Summer camps bring to mind idyllic images of roasting s’mores by sunset campfires and splashing into crystal-clear watering holes.
But it’s a different game if you’re a young athlete who wants to sharpen skills to make the high school varsity squad, or you’re already a star looking to showcase talents for college recruiters or for an athletic scholarship.
Sports camps come in all shapes and sizes for all abilities, and there are thousands to choose from. So how do you know which will be the best fit for you?
We surveyed several experts for tips, including coaches who organize and work at camps, an all-star athlete who has attended them, and a youth educational consultant who helps families through the planning process.
Tom Turco is head volleyball coach at Barnstable High School in Hyannis, Mass., and director of Cape Cod Volleyball Camps in Hyannis. He has twice been honored as national volleyball coach of the year, and his Barnstable girls team recently won its 17th state championship.
Danielle Derosier is a junior at Barnstable High and three-sport athlete. She was a key contributor to the state champion volleyball team and is also a standout in ice hockey and lacrosse.
Chris Leahey is a staff coach at Match Fit Academy FC in Bayonne, N.J., and has coached boys and girls soccer teams for 13 years.
Here’s a summary of their advice:
1. Talk with your parents and coaches about what you want to accomplish.
Be honest in assessing your abilities, and look for a camp that will help you reach your goals.
Derosier: Know what you need and what you’re going to get. Younger players might need more practice and skill training. Older players need instruction, too, but maybe with more intensity and more opportunities to play actual games.
Leahey: If you want to play in college, attend a “showcase,” or elite-level camp where there will be college scouts. But there are risks. If you attend a camp of an institution you want to pursue and have an “off” week, it could lead to falling off the list of potential recruits for that school. Make sure you are ready to be “on,” playing at the top of your form, for five days.
Tipograph: Players need to be honest in their commitment. Parents need to be honest, too, and objective about their child’s potential. Building your athletic resumé is fine but not on false hopes. If you’re going to a showcase, ask for proof that scouts will be there. Find out what kind of relationship the director and staff have with colleges.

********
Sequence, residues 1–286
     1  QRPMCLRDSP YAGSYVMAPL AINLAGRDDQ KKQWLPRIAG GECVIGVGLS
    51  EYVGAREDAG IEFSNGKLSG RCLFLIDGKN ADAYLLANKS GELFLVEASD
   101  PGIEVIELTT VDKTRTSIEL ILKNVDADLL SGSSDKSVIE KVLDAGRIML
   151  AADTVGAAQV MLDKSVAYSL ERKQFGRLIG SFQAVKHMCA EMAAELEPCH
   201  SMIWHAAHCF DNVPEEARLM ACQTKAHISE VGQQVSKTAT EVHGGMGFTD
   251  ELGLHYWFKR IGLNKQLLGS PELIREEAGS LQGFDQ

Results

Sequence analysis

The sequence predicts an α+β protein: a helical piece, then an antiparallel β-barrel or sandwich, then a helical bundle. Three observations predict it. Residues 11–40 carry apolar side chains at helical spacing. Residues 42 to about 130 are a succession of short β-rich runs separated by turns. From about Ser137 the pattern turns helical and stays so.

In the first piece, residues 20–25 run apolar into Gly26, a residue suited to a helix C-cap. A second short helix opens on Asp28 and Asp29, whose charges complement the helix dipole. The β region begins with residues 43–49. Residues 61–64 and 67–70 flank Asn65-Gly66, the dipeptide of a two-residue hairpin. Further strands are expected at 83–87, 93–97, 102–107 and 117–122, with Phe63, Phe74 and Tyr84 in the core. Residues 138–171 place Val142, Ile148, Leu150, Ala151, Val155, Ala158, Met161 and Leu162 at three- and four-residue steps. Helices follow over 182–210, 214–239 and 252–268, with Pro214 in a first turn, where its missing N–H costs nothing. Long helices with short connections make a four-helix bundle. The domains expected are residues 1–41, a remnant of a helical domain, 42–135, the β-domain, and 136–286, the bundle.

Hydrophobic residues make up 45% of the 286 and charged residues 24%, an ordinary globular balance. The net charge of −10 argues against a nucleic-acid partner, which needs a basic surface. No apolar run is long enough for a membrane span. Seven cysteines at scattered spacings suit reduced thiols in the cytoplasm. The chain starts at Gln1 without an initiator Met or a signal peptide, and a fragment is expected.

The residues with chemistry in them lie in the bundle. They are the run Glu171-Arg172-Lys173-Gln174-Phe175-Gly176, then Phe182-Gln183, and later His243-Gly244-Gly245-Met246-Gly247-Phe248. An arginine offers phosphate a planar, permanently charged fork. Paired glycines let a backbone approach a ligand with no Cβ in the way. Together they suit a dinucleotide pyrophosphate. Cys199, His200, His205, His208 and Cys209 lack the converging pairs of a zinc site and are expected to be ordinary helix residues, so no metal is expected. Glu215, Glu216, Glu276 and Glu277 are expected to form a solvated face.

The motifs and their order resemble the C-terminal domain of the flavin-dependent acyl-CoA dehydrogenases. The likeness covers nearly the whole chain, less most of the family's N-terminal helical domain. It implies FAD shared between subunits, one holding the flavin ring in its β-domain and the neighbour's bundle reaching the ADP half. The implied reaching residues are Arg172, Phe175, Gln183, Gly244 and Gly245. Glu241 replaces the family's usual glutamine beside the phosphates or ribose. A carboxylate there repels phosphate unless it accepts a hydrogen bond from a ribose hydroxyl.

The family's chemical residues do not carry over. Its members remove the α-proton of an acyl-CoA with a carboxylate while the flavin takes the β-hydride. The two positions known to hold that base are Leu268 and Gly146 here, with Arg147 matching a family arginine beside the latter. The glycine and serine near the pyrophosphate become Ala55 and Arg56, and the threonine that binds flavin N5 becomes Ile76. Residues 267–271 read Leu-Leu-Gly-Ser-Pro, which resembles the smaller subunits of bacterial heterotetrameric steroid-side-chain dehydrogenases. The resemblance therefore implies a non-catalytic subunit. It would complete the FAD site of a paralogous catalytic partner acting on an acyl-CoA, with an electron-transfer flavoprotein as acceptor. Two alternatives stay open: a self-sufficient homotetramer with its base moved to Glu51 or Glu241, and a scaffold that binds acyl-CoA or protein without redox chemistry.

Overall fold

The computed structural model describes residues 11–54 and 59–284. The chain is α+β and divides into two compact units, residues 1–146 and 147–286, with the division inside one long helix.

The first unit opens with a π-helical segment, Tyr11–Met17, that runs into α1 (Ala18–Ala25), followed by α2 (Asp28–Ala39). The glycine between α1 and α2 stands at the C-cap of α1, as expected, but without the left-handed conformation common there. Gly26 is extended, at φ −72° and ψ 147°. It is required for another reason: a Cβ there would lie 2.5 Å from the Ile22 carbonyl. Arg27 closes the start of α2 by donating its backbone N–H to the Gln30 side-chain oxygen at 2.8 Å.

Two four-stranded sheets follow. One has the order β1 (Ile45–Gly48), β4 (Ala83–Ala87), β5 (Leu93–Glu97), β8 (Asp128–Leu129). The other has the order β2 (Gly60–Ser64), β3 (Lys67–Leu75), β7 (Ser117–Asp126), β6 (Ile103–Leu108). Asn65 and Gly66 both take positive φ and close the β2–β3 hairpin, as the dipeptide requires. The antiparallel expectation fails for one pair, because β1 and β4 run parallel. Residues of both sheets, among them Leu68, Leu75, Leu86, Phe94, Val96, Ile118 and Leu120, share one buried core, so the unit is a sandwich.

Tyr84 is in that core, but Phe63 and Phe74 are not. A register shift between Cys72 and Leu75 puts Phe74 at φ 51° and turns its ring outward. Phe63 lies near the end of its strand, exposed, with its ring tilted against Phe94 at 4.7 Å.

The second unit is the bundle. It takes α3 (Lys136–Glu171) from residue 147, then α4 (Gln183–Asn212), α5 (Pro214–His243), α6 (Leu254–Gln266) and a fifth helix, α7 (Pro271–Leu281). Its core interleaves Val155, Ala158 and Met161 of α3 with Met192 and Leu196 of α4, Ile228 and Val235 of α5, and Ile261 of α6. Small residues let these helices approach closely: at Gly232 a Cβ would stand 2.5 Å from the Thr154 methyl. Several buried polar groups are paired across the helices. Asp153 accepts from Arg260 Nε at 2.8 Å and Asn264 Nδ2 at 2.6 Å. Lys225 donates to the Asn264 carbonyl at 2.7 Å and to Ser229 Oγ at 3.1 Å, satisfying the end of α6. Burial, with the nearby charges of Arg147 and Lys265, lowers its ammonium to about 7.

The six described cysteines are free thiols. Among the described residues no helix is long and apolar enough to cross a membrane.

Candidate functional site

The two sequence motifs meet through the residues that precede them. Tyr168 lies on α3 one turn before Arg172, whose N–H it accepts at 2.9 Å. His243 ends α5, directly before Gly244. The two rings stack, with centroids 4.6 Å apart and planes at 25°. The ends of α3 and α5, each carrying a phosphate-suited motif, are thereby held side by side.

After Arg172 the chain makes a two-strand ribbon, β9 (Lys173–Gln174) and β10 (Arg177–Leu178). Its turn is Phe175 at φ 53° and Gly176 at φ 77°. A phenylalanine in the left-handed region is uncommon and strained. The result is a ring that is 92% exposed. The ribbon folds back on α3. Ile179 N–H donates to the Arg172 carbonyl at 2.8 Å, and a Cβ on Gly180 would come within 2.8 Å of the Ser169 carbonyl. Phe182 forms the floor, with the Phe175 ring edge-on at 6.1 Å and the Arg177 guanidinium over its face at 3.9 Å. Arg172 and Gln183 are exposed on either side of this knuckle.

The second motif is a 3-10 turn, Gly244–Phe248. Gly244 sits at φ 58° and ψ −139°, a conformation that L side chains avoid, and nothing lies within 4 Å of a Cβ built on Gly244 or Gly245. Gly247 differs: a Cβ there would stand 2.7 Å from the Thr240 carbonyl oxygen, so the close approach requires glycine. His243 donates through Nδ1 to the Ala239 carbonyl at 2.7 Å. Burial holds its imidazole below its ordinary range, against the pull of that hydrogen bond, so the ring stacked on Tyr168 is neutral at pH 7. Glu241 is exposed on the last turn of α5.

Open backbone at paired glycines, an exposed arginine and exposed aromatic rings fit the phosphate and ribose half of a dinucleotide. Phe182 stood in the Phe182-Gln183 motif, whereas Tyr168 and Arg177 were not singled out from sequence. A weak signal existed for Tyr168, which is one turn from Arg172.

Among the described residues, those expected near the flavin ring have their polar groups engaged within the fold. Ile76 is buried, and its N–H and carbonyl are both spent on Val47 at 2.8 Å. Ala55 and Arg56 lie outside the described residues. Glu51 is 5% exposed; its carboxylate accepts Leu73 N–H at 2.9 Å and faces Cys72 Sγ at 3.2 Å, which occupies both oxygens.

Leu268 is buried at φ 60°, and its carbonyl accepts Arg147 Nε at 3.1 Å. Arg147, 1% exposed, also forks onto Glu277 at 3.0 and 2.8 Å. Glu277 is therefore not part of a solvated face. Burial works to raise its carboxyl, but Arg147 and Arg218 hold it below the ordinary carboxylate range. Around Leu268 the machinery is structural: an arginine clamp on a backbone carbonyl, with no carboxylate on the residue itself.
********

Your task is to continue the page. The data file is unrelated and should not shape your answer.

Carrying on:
2. Ask about the daily schedule and program beyond instruction. Also, what is the camper-to-coach ratio?
Leahey: I’d recommend a 10-to-1 maximum player-to-coach ratio. Camps for higher-level players are more game-centric, and 15 or 20 to 1 is manageable.
Turco: It is important to offer a college recruitment session where college coaches on staff say what they look for and collegiate players talk about the college experience. Other things that are helpful: sports-specific weight training and conditioning; sports psychology and team building; and for rising freshmen, a session about playing in high school.
Tipograph: The serious athlete should be prepared for the intensity. The days are long – an average of five to six hours of instruction and game time. Some kids overestimate their energy, so shorter camps, less than a week, can sometimes be better. It’s summer, and you don’t want to burn out.
3. Do you want a day camp or an overnight residential camp?
Turco: Day camps are popular for those who want to enjoy life after six hours of sport.
Leahey: The overnight residential camp is a different experience for players: being away from home, managing a schedule, rising at the correct time, ensuring they’re nourished and hydrated. And it requires the organization to build in “down time” activities. It’s not feasible to have players in a classroom or on the field all day.
Tipograph: Kids are kids. Ask about what kind of supervision there is, especially if it’s an overnight camp. Who is watching them? Typically, younger kids are more suited for day camps because they come home each day, and you get a chance to debrief them.
4. Some camps promote high-profile college coaches or professional athletes. What role do they play?
Tipograph: If it’s a camp with celebrity coaches, it should be more than just a photo opportunity or an autograph. They don’t have to be on the field every day, but are they checking in? Do they have a role in the curriculum, staff training, and philosophy?
Leahey: Typically, showcase camps staff with the institutions they promote. Sometimes the head coach is only there the first day and then assistant coaches take over.
5. Do your homework. Talk to other players who have been to camps, and ask your coaches for advice.
Derosier: Word of mouth is best. Other players can tell you what to expect and if it’s a good camp. And your coaches know what kind of player and person you are and what will be the best fit.
Tipograph: Plan ahead so you have options. References are very important and better than testimonials; kids talking with kids, and parents with parents, about good and bad experiences. Summer camps should be part of the whole educational experience and help you make good decisions for the future.